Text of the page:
The Quittapahilla Watershed

    Probably the best description we have of the "big picture" view of the Quittapahilla watershed comes from a 2012 design report by Rocky Powell, President of Clear Creeks Consulting LLP, who has walked every mile of the Quittie & knows the watershed better than anyone:

   "The Quittapahilla Creek Watershed is situated in the Ridge and Valley physiographic region in Lebanon County, Pennsylvania. Quittapahilla Creek is a tributary to Swatara Creek and is part of the Susquehanna River Basin. Its headwaters begin just southeast of Lebanon, Pennsylvania and it enters the Swatara Creek near North Annville, Pennsylvania. From its headwaters south of the City of Lebanon (elevation 500 feet) Quittapahilla Creek flows approximately 22 stream miles to its confluence with Swatara Creek in the North Annville Township (elevation 350 feet). . . .

   "The majority of the land area in the watershed is situated in the Great Valley section of the Ridge and Valley region. This area is underlain by bedrock of Lower Paleozoic shale, limestone, and dolomite formations. The upper and middle reaches of the mainstem Quittapahilla Creek as well as the middle and lower reaches of the major tributaries flow across the carbonate rocks of the valley. Sinkholes and solution cavities are common in these carbonate rocks. Quarries in the carbonate rock are mined for concrete aggregate, cement, flux stone, and paint filler. . . . "  (Powell, May 2012 Design Report, Quittie Nature Park Stream Restoration Project).

Below:  Principal subwatersheds of the Quittapahilla watershed, adapted from Powell, "Findings Report," vol. 1 (2006), Plate 2.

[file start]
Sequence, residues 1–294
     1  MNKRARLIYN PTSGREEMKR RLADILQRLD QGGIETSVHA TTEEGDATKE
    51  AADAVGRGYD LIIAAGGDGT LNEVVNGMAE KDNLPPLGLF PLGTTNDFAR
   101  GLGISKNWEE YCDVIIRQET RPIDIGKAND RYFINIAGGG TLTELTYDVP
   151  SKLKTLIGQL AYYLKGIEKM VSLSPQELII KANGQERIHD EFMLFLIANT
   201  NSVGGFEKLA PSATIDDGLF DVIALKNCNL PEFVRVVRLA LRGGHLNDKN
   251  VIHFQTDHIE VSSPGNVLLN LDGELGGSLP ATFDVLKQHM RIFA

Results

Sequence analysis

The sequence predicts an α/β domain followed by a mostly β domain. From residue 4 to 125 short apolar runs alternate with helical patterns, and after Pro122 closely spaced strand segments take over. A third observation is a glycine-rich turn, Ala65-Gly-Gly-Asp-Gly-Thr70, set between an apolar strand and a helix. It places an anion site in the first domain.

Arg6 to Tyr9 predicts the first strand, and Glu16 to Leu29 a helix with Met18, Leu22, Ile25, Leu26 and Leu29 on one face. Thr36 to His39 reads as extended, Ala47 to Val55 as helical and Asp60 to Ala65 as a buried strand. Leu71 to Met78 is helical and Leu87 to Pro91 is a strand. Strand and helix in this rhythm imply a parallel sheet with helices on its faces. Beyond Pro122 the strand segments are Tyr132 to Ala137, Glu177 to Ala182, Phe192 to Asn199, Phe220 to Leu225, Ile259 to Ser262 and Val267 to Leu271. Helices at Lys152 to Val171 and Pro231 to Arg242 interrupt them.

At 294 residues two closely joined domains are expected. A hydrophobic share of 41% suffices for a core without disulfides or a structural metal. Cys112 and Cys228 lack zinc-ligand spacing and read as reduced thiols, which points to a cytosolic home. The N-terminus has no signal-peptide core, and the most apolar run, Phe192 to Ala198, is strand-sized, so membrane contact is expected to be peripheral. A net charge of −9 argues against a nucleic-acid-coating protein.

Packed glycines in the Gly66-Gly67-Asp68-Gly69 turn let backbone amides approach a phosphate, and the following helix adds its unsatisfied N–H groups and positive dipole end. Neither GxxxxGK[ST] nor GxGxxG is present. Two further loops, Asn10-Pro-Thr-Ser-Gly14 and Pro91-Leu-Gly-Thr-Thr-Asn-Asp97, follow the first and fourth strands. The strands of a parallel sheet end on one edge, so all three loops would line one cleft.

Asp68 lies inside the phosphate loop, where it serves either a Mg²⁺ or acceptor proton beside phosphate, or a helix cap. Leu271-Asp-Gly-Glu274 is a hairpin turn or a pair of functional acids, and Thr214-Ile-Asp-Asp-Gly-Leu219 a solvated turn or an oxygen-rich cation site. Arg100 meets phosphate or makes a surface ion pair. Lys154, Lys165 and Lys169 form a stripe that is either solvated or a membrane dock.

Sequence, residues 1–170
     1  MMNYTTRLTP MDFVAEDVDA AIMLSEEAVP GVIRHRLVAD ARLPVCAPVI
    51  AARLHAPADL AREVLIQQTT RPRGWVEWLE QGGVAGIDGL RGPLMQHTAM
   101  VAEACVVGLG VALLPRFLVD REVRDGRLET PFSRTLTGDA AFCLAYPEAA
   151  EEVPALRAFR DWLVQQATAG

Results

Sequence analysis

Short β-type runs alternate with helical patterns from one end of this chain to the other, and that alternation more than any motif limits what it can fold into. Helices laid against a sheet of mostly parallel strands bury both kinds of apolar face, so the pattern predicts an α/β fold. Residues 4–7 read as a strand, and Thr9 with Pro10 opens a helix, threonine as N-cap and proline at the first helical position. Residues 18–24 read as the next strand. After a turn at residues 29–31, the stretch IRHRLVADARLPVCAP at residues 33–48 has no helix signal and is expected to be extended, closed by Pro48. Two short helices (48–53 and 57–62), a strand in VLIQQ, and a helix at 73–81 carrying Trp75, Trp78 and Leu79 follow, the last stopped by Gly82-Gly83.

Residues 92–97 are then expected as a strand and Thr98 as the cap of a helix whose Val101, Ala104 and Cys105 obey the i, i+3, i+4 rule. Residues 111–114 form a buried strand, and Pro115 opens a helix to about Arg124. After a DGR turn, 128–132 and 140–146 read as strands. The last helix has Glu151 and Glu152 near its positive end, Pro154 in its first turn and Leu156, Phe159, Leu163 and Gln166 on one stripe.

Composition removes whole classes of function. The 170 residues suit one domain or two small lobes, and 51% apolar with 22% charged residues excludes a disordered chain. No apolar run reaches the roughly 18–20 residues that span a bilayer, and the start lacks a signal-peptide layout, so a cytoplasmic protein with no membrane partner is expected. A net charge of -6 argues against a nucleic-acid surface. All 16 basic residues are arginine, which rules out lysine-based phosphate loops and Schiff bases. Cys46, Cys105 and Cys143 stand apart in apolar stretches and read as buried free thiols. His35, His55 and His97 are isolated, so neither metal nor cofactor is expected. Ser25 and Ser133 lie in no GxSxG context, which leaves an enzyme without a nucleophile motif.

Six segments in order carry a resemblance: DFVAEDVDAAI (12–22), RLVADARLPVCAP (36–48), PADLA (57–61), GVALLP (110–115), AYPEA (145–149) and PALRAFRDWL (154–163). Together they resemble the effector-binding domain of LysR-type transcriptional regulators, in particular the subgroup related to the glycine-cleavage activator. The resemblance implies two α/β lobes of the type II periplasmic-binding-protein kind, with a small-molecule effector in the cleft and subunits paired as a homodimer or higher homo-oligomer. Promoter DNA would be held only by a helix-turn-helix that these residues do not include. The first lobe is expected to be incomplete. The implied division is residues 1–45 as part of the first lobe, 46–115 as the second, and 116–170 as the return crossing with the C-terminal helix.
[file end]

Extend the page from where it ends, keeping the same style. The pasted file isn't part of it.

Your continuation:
The Quittapahilla watershed runs through rich & intensely cultivated agricultural land to the south and relatively dense urban zones to the north, with the main branch — the Quittapahilla Creek — paralleling a major east-west highway that runs from Lebanon to Hershey (Route 422). Fed by rainfall and thousands of natural springs, the waterways making up the Quittapahilla watershed swell with each rainstorm and ebb during dry spells, but always flow powerfully. The Quittie abounds in fresh natural springs and the creek's waters feel chillingly cold year-round.

Below:  Land Use Map of the Quittapahilla Watershed, adapted from Powell, vol. 1 (2006), Plate 8.

     In 1972, the newly created Pennsylvania Department of Environmental protection described Quittapahilla Creek as an "open sewer" in consequence of all the agricultural & industrial effluents contaminating the watershed, and recommended against stocking the creek with trout. Since that time the watershed's water quality has improved to a degree. Introduced trout are now breeding in some sections, and smaller native fish are making a comeback. But the Quittie & its main tributaries remain highly vulnerable to human contaminants. Severely injured by decades of human contamination, toxins & neglect, the watershed needs the help of humans to nurture it back to health.

Below:  Quittapahilla Watershed, adapted from Powell, vol. 1 (2006), Plate 1.

    The links to the left offer more detailed looks at each of the principal waterways comprising the watershed, starting with the main artery and the most urbanized, polluted & damaged, Quittie Creek.

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